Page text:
Myriam’s 2021 Top Pick: B.C. – lululemon athletica inc. v. Industrial Color Productions Inc. – #571

Famed Canadian athletic wear company lululemon athletica generated a noteworthy court decision this year, which has nothing to do with the controversy surrounding the sartorial choices it has made in designing Team Canada’s (very red!) uniform for the Beijing Olympics. Rather, the case adds to the significant number of decisions rendered of late in which the courts have grappled with their role – and the tests they must apply – when an application to set aside an international arbitral award comes before them under the UNCITRAL Model Law on International Commercial Arbitration (for a deep dive on this topic, see Lisa’s top pick, Russian Federation v. Luxtona Limited).

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Liz’s 2021 Top Pick: Ontario – CUSO International v. Pan American Development Foundation 2021 ONSC 3101 – #570

This case is my top pick as the facts and issues between the parties serve to highlight the value of the arbitration process, including characteristics related to enforceability, neutral forum, party autonomy, confidentiality and arbitrator selection. It also shows how these matters can deliver tangible benefits to parties.

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Laura’s 2021 Top Pick: B.C. – Spirit Bay Developments Limited Partnership v. Scala Developments Consultants Ltd. – #569

Spirit Bay Developments Limited Partnership v Scala Developments Consultants Ltd., 2021 BCSC 1415, is part of a series of cases that leave an important question undetermined at the end of 2021: what is Vavilov’s impact on commercial arbitration appeals? Although on its own Spirit Bay is not the most significant case of the year, the impact of the Vavilov on commercial arbitration appeals will be studied with interest by arbitration practitioners in 2022 and is an important aspect of arbitration jurisprudence in 2021.

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Lisa’s 2021 Top Pick: Ontario – Russian Federation v Luxtona Limited (Part 2) – #568

In Part 1 (case update #564), I reviewed the decision of Russian Federation v Luxtona Limited, 2018 ONSC 2419, 2019 ONSC 7558, and 2021 ONSC 4604 on the standard of review to be applied on an application to the court pursuant to Model Law Article 16(3) “to decide the matter” where the tribunal has decided jurisdiction “as a preliminary question” and what evidence is admissible on such an application. In this, Part 2, I discuss the interplay between Articles 16(3) and Art 34(2)(a)(iii). So far as I have been able to determine, this issue does not seem to have been categorically resolved anywhere under the Model Law.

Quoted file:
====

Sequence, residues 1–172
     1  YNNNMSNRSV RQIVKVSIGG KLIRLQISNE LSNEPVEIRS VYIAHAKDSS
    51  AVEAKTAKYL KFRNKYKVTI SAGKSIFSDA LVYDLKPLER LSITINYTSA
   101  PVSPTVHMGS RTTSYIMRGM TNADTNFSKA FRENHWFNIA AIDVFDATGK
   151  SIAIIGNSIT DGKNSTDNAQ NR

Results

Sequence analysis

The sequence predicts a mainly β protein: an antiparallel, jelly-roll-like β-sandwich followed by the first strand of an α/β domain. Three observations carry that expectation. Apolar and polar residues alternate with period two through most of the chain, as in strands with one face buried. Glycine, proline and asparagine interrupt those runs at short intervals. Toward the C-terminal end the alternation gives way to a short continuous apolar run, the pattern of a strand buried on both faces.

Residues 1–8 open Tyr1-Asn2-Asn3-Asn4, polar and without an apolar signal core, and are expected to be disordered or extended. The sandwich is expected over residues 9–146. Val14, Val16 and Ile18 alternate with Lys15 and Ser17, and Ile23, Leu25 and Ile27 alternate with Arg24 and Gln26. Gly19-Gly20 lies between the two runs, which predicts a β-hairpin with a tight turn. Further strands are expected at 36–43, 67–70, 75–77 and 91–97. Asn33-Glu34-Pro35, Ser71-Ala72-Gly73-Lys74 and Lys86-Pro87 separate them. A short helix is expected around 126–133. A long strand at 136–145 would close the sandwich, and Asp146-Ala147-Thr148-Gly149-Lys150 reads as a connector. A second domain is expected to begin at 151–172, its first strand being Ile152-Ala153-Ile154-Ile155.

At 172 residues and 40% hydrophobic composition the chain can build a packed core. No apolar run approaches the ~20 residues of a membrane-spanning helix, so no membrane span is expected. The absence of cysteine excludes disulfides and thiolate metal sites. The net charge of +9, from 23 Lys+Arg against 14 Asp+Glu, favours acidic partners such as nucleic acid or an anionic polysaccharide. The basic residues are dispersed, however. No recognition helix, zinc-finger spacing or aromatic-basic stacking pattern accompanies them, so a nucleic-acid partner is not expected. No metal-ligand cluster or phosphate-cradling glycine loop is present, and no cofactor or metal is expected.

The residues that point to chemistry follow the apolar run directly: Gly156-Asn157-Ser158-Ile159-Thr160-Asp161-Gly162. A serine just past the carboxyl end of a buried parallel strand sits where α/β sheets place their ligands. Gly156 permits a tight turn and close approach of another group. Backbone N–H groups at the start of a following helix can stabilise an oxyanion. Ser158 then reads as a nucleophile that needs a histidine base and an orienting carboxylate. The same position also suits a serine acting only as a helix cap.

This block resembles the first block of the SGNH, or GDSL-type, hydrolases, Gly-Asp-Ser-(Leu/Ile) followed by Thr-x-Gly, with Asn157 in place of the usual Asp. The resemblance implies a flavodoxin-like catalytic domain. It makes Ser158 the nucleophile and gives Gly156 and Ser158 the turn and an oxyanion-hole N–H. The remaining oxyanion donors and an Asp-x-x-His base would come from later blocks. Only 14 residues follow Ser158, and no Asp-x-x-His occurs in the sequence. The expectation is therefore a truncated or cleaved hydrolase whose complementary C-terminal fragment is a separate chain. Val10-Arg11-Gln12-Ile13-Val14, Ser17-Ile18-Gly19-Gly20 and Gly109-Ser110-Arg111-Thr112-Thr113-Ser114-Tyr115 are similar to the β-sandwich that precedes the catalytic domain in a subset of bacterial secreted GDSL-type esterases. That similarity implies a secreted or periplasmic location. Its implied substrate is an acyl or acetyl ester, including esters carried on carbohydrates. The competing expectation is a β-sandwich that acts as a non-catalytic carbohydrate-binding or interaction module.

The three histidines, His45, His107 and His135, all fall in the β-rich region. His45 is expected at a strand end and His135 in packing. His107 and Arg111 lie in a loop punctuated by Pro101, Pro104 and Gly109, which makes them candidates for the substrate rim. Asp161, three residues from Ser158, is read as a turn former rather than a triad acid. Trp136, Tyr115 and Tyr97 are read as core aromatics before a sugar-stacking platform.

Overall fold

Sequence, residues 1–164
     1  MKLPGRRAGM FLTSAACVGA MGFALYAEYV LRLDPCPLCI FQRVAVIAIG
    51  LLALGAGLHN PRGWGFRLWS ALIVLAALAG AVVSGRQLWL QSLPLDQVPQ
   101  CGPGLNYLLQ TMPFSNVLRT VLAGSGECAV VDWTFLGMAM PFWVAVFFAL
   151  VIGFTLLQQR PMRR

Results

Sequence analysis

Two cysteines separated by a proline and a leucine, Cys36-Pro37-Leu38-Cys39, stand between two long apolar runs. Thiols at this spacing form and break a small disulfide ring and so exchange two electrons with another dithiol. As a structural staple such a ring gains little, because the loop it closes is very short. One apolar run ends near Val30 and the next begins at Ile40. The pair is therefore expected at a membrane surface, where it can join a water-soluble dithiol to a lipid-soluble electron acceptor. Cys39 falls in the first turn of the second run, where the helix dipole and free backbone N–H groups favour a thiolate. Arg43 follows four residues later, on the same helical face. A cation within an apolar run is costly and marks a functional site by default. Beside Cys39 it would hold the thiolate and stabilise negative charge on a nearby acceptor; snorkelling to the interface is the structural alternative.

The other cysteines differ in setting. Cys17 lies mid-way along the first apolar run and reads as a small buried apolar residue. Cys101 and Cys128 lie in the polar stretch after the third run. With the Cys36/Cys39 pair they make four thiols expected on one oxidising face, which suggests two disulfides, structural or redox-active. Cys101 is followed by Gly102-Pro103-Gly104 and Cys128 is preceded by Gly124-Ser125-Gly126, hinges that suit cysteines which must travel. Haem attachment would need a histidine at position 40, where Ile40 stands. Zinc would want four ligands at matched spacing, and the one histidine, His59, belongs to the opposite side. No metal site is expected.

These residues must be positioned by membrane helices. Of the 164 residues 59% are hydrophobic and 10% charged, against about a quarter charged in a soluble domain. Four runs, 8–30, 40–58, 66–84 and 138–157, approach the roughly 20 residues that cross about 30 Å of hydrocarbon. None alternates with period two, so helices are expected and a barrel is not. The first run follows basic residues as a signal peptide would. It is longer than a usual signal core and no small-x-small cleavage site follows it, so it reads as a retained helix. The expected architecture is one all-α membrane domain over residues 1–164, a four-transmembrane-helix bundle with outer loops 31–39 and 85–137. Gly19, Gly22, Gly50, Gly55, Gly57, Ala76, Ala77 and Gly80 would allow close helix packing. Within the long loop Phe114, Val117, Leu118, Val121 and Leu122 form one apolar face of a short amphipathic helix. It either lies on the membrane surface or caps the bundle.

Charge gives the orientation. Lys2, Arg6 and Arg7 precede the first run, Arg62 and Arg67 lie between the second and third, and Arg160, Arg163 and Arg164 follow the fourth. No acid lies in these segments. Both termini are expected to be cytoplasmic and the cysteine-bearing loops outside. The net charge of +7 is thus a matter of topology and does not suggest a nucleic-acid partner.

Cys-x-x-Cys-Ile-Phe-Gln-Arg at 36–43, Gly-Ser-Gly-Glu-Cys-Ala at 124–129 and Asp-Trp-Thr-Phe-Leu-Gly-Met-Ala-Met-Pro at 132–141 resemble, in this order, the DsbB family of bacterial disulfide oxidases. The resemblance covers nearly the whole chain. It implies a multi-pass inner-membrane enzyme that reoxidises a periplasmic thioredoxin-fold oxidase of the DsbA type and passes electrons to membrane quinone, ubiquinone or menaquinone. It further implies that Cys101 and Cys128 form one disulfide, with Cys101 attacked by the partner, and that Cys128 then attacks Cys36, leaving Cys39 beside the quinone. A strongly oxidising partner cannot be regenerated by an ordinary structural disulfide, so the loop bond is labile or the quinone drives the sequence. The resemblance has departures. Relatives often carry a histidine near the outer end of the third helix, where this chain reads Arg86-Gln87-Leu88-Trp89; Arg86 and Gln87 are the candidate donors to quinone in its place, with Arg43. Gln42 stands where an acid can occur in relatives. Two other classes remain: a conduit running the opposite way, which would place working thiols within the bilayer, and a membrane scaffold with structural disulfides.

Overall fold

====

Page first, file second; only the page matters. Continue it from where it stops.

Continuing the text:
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Julie’s 2021 Top Pick: B.C. – Allard v The University of British Columbia – #567

Costs results in domestic commercial arbitrations are often based on, or consistent with, the norms of international commercial arbitration and can differ greatly from what is expected based on standard litigation practice. This can be an unpleasant surprise for counsel and their clients who are unfamiliar with this. In Allard v The University of British Columbia Justice Douglas confirmed that the “starting point”  for an award of costs in domestic commercial arbitration is that the winner is entitled to its reasonable legal fees and disbursements, or what is referred to in litigation practice as “solicitor client costs” or “indemnity costs” and not “party party” costs, which many litigators would expect. There are, of course, exceptions to this “normal rule” for assessing costs. Alberta’s Arbitration Act, RSA 2000, c A-43 perhaps provides one, as is discussed below.

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John’s 2021 Top Pick: Ontario – China Yantai Friction Co. Ltd. v. Novalex Inc., 2021 ONSC 3571 and 7714 – #566

My top pick for 2021 stands for the proposition that a foreign award creditor will not be ordered to post security for costs simply by virtue of being a non-resident seeking to recognize and enforce an arbitral award. In China Yantai Friction Co. Ltd. v. Novalex Inc., 2021 ONSC 3571, a three-person panel of the Divisional Court of the Ontario Superior Court of Justice (the “Divisional Court”) granted leave to appeal two interlocutory orders, including the order requiring the foreign award creditor China Yantai Friction Co. Ltd. (“Friction”) to post security for costs in the amount of $76,376.71. This case is important because it provides support for Ontario as an “arbitration-friendly” jurisdiction, and, as the Divisional Court noted, “[13] … it speaks to the response of Canadian courts to international comity and our relationship to the courts of other countries.

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